A rolling, seven-note bass clarinet motif is the first of a few identifiable gestures used throughout the score, in this case signalling the presence of the giant worm-like creatures known as Graboids (“Finding Fred”). One can easily visualize the hillock outlined in the sheet music upon hearing it, or even the wavy disturbances they make in the ground. Jaws-like recreations of Stravinskian rhythms also appear at odd intervals (“Horses Stop” and “Rec Room”) with a third gesture introduced late in the film (“Goin’ Fishin’ / Graboid Guts”); two notes a minor second apart sustaining a leaned-into semitone, associated with the survivor’s attempts to outsmart the creatures. (Ironically, this is the inverse stress as that of the semitone emphasized in Jaws).
The remainder of the score is composed of harp glissandi, oboe, clarinet, deep, electronic bass, stingers, tense, sustained dissonance in the strings, muted trumpets moaning and grunting, flatulent, snarling brass, sudden orchestral swells, cymbal hits and crashes, a hint of snare drum, and tambourine alongside salt & pepper shakers. What is impressive about all of this is the degree of rhythmic incongruence delivered with purposeful disagreement, akin in its exactitude to the likes of John Williams’ thriller-oriented compositions. The strings can be quite intrepid as vessels of countryside allure just as the French horns swiftly imbue gallantry into otherwise transparent acting, traits which are only escalated further into the score. “Tractor” is where the action picks up, with daring shots and runs from the orchestra rebounding in every direction under palpitating, pumping strings. Would it be a stretch of the imagination to say they are deliberately mimicking the subterranean movements of the Graboids? I’m afraid so, yes.
Highlights include “Pole Vaulting”, which introduces a feel good groove with dueling harmonicas; “The Dozer Rescue” & “Dozer Crashes”, where we go full on Western with some Americana-style encouragement as the survivors attempt to escape the valley; and “Away From Rock / Final Confrontation”, providing a magnificent send-off with a commendable buildup toward the moment when the final Graboid ejects itself from the cliff face. This resolution is greeted by a synthesized trumpet jubilee, like a poor man’s Death Star trench run finale, though it was notably replaced by the sparkling percussion and celebratory strings of Folks’s alternative track in film.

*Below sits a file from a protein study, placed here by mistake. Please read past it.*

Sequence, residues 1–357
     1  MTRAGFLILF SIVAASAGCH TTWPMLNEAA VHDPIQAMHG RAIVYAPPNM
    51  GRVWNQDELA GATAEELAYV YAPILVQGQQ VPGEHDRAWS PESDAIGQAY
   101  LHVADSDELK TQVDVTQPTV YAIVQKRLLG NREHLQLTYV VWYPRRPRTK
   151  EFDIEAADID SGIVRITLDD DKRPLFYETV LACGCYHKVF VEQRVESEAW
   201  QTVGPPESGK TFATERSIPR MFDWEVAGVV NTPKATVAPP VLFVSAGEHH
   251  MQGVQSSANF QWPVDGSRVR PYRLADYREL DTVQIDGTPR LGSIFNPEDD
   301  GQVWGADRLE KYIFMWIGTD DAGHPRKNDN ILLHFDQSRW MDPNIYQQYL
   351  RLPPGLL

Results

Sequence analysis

Just as you might expect of a genre crossover film, this score has a bit of everything. There are even hints of romance here and there, with one track generously titled “Love Theme” and another at the end (“Val and Rhonda”), sealing the deal for the two characters. Honourable mention goes out to Reba McEntire, who is featured in the film as the wife of trigger happy Burt Gummer (Michael Gross) and who graces us with a song during the end credits (“Why Not Tonight?”). The score for Tremors has more to offer than you might expect, but less to grab onto than you might hope for. It is unlikely that it will ever be ranked among the best (doubtless many would disagree), but for what it is, it’s great. All the country you could ask for without a bleeding singer to ruin the moment. If you are looking for something powerful, go listen to Wonder Woman 1984. If you are looking for good fun and a job well done, pick up La-La Land’s new limited edition of Tremors.